The other author, Blanchard, focused a lot more on the idea of educating yourself and others as a means of inspiring people to stand up for what is right and for what they believe in.  To explain that a little bit better, as I saw it, he argued that people are likely to follow "trends" whether they are positive or negative, and as a result, the community as a whole may be hesitant to take a stand against racism (or vice versa) based on the opinions of others around them.  In order for people to stand up and fight for what's right and to help others, they need to know WHAT they are fighting for and WHY they are fighting for it.  Racism is inexcuseable and it personally upsets me that there are still so many people who refuse to just be accepting of others.  I'm not saying you have to like anyone, but you should at least be accepting and respectful of their beliefs.

 I found that this resonates a lot with me after going to the Social Justice Event about racism and tolerance in schools, which I have to blog about in the next day or so, where I listened to stories from people who have been bullied or oppressed because of the color of their skin or religious beliefs, and it just makes me sick to think that as a society we can't be better than that.  We SHOULD be.  I just don't know why we aren't.

Video: This video is an example of exactly the kind of issues we face here.  This woman in the video is the Principal at the local high school in Georgia, and her racist comments are not only disgusting, but others are going to see someone in a position of power and get the sense that it's okay to think this way and as a result, they join in (some applaud in the video, too).  This is exactly the opposite of what we should be doing to make change.

 Question: What do you guys think? How can we work together to better combat racism through knowledge?


Sunday, November 15, 2015

Ferguson's Sex Positive

"Sex Positivity"
Ann Ferguson

First of all, I should apologize for the delay in getting this posted--I spent the whole weekend with an awful sickness and actually ended up having to go the emergency room, so I'm just getting back into shape with things now.  

For this week, we had to read Ferguson's "Sex Wars" and that, along with the "Sex Positivity" attachment that came with it, had a very interesting central argument that I'd really like to take a look at in detail. 

Essentially, Ferguson paints two sides of a story, radical feminists, and libertarian feminists.  If I'm understanding it correctly, the idea here is that radical feminists are basically "extremists" or by the book.  They believe that women should not partake in any type of sexual activity (whether its to their liking or not) that puts the man in any display of power, simulated or not.  In simpler terms, the idea is that men are dominant and men use sex as a means of power, and radical feminists want to remove that power.  Now do I agree with the premise?  Sure.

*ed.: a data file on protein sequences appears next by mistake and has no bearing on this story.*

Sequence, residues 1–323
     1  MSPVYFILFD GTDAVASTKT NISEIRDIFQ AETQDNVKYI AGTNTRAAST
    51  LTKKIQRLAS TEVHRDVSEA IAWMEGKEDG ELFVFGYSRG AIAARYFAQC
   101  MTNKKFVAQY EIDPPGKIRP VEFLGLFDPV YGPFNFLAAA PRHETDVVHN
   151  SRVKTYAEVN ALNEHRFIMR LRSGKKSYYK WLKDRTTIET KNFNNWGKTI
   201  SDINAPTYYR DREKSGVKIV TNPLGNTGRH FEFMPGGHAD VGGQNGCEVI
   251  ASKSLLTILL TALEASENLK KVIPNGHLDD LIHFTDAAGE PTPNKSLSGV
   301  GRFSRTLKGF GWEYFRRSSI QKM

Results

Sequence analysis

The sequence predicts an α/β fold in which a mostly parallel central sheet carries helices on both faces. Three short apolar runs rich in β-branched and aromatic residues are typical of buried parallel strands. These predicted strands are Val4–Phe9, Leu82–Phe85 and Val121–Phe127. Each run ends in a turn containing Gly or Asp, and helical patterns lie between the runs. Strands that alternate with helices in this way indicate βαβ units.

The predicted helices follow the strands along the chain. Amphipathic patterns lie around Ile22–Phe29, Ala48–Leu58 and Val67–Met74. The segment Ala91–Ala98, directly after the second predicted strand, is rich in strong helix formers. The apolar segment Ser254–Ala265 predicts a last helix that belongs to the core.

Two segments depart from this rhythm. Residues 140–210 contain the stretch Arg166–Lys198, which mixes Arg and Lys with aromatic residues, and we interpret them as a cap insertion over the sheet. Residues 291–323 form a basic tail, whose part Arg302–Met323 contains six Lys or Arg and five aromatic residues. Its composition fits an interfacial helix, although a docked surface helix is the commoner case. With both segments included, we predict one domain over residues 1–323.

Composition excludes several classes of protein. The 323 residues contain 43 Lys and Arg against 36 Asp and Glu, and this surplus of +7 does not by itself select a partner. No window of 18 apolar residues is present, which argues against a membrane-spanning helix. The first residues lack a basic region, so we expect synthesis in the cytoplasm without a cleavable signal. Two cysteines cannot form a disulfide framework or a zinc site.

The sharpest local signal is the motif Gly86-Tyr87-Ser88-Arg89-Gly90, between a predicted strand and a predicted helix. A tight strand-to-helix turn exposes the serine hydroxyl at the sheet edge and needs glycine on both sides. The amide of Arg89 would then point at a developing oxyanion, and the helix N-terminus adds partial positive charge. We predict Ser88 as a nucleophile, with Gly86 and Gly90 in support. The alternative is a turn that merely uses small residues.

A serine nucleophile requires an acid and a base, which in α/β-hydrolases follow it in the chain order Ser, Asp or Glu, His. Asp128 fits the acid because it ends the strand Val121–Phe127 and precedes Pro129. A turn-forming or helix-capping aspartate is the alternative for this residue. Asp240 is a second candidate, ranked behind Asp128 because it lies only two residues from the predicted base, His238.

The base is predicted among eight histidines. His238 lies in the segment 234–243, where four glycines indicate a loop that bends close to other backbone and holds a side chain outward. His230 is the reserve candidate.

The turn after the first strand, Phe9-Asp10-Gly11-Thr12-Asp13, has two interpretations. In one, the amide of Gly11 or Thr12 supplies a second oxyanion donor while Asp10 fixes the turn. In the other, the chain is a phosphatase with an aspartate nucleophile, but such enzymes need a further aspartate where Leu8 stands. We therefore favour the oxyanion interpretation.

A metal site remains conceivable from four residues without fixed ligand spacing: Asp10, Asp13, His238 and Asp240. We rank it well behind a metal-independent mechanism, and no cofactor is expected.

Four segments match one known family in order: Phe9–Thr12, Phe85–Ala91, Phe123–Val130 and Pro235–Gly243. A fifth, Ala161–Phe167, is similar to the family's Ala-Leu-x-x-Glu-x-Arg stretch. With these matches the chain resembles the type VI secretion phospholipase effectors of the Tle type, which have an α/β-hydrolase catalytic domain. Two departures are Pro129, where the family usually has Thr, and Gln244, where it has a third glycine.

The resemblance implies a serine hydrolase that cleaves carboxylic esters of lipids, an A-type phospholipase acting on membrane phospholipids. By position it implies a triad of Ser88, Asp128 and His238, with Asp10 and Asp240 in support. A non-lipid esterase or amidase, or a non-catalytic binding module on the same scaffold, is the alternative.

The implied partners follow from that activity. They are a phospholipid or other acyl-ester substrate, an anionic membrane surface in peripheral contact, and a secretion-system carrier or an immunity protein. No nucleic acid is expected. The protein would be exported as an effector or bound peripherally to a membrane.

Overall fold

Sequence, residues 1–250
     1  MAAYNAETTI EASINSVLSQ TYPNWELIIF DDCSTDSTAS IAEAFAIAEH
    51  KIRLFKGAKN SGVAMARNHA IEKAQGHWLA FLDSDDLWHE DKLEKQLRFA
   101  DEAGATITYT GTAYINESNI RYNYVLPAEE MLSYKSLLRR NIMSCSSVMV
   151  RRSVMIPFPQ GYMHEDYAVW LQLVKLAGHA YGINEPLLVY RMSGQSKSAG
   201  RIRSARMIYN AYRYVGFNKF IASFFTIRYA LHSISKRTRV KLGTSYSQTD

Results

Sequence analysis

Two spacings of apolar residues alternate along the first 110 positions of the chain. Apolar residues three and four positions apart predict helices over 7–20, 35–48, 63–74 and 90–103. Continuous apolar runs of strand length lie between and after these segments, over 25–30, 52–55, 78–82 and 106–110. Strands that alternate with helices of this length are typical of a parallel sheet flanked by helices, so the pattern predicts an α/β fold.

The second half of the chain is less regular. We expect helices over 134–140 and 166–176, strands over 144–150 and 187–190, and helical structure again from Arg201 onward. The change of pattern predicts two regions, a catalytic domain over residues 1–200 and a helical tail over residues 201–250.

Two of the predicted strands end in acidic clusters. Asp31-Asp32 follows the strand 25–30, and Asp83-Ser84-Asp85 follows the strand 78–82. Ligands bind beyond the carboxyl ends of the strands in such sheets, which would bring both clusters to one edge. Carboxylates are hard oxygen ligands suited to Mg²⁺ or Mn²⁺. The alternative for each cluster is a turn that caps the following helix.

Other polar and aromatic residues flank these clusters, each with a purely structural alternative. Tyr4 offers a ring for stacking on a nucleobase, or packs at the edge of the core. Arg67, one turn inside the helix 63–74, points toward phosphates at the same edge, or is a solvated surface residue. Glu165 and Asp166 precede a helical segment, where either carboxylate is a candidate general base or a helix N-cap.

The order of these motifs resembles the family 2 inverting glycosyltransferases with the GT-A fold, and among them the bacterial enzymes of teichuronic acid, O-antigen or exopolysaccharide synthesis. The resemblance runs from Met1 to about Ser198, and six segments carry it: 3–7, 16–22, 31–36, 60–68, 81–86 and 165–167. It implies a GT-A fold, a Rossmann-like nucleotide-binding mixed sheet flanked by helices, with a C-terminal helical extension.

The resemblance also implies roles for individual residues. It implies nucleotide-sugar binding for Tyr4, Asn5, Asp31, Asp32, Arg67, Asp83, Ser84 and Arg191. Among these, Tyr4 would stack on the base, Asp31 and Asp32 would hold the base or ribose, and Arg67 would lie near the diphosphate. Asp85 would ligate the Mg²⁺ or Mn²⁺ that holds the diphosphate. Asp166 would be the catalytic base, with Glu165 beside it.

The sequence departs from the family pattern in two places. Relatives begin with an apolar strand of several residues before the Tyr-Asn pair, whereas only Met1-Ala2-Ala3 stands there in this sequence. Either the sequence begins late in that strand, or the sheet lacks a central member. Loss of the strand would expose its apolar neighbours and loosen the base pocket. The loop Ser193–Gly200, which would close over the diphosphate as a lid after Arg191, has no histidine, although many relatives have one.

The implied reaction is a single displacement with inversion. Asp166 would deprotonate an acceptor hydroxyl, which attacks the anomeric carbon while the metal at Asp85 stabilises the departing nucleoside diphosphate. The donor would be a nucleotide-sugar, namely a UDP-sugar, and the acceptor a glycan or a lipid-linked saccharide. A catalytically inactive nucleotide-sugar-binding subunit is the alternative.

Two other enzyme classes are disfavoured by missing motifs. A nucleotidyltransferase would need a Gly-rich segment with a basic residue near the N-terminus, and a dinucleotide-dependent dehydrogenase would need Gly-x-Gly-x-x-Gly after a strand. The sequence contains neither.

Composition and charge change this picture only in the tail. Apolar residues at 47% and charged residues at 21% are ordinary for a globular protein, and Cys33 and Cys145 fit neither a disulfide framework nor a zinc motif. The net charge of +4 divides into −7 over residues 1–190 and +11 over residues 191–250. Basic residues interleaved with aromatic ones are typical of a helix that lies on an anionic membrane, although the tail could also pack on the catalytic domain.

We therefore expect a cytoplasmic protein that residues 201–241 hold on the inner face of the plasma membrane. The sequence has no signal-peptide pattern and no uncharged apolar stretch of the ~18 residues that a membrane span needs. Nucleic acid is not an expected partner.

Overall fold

Women should not be viewed as any less than men when it comes to sex or anything else.  However, the idea that a woman not be allowed or able to partake in a sexual act or activity that she may enjoy and consent to seems completely counterproductive to what the goal is.

This is where libertarian feminists come into play.  Libertarian feminists have the belief that women should be able to do what they want and whatever they find pleasurable, as long as it's not something illegal, obviously.  I find it a bit difficult to draw a fair line here because one side seems quite rational while the other seems way out of left field.  However, I can respect that others may have a differing opinion on the matter.

I think the main idea here, and it's a good one, is that sex should be an equal thing that both parties consent to, and really focuses on the emotional connection between the two.  Both men and women should not have to feel as though they can't freely express themselves however they see fit, as long as their respective partner is okay with it.  There are definitely valid points to both sides of this, but as I noticed Matt point out in his blog and Kyle mentioned it as well, it's a bit confusing.

I'm not sure what I was supposed to feel after reading this.  I gained some information, but there's nothing that explicitly swayed me to feel one way or another, or to agree with one side over the other, aside from thinking that both men and women should be free to choose what makes them happy as long as it isn't harming anyone else.